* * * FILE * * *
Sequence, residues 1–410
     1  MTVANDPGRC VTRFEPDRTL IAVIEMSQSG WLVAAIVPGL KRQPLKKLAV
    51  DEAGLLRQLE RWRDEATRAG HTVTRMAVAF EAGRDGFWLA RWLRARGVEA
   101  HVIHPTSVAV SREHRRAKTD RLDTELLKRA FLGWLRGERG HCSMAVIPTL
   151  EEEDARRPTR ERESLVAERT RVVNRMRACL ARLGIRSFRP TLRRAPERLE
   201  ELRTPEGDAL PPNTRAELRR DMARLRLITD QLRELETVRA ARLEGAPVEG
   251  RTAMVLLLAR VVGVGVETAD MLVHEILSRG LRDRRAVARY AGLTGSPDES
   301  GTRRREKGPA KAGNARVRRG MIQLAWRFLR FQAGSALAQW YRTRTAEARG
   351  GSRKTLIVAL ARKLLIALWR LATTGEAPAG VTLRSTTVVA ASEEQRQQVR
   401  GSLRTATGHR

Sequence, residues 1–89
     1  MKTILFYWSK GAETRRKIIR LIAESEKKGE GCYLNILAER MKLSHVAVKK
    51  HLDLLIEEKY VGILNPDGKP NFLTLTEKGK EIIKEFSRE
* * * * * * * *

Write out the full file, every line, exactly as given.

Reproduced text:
Sequence, residues 1–410
     1  MTVANDPGRC VTRFEPDRTL IAVIEMSQSG WLVAAIVPGL KRQPLKKLAV
    51  DEAGLLRQLE RWRDEATRAG HTVTRMAVAF EAGRDGFWLA RWLRARGVEA
   101  HVIHPTSVAV SREHRRAKTD RLDTELLKRA FLGWLRGERG HCSMAVIPTL
   151  EEEDARRPTR ERESLVAERT RVVNRMRACL ARLGIRSFRP TLRRAPERLE
   201  ELRTPEGDAL PPNTRAELRR DMARLRLITD QLRELETVRA ARLEGAPVEG
   251  RTAMVLLLAR VVGVGVETAD MLVHEILSRG LRDRRAVARY AGLTGSPDES
   301  GTRRREKGPA KAGNARVRRG MIQLAWRFLR FQAGSALAQW YRTRTAEARG
   351  GSRKTLIVAL ARKLLIALWR LATTGEAPAG VTLRSTTVVA ASEEQRQQVR
   401  GSLRTATGHR

Sequence, residues 1–89
     1  MKTILFYWSK GAETRRKIIR LIAESEKKGE GCYLNILAER MKLSHVAVKK
    51  HLDLLIEEKY VGILNPDGKP NFLTLTEKGK EIIKEFSRE